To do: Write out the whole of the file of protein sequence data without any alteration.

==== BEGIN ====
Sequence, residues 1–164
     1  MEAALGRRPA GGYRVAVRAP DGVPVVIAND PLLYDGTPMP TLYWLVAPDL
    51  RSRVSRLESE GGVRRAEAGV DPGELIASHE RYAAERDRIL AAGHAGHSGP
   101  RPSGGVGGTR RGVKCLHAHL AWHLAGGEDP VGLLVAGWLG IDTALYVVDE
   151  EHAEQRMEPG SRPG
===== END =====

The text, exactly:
Sequence, residues 1–164
     1  MEAALGRRPA GGYRVAVRAP DGVPVVIAND PLLYDGTPMP TLYWLVAPDL
    51  RSRVSRLESE GGVRRAEAGV DPGELIASHE RYAAERDRIL AAGHAGHSGP
   101  RPSGGVGGTR RGVKCLHAHL AWHLAGGEDP VGLLVAGWLG IDTALYVVDE
   151  EHAEQRMEPG SRPG